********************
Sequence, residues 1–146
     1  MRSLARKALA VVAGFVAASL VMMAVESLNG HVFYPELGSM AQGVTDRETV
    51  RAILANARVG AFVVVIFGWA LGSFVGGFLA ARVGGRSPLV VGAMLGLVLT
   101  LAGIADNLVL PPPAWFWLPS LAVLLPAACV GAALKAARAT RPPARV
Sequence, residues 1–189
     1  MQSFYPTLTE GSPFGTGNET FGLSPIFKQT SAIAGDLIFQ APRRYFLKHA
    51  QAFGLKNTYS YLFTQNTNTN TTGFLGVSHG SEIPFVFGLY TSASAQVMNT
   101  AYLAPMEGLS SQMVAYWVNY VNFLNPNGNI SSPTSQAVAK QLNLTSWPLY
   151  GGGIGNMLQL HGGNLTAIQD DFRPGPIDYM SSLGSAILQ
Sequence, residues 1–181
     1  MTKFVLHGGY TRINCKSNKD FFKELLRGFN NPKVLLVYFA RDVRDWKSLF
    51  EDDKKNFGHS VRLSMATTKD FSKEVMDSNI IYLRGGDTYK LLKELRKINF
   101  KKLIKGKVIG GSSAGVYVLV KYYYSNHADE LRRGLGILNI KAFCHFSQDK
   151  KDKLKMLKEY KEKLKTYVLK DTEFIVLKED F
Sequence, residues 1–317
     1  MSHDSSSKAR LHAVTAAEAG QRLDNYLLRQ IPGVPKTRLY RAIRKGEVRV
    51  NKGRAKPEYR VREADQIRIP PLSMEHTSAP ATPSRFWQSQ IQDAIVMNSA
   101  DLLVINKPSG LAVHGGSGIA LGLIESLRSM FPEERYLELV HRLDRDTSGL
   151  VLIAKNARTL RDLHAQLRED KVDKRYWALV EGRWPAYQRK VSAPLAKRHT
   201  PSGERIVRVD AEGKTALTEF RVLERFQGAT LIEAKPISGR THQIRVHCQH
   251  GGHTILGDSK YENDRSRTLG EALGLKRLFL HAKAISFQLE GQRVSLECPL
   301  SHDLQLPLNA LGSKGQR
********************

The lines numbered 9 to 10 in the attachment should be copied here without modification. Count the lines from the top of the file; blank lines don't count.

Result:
   151  GGGIGNMLQL HGGNLTAIQD DFRPGPIDYM SSLGSAILQ
Sequence, residues 1–181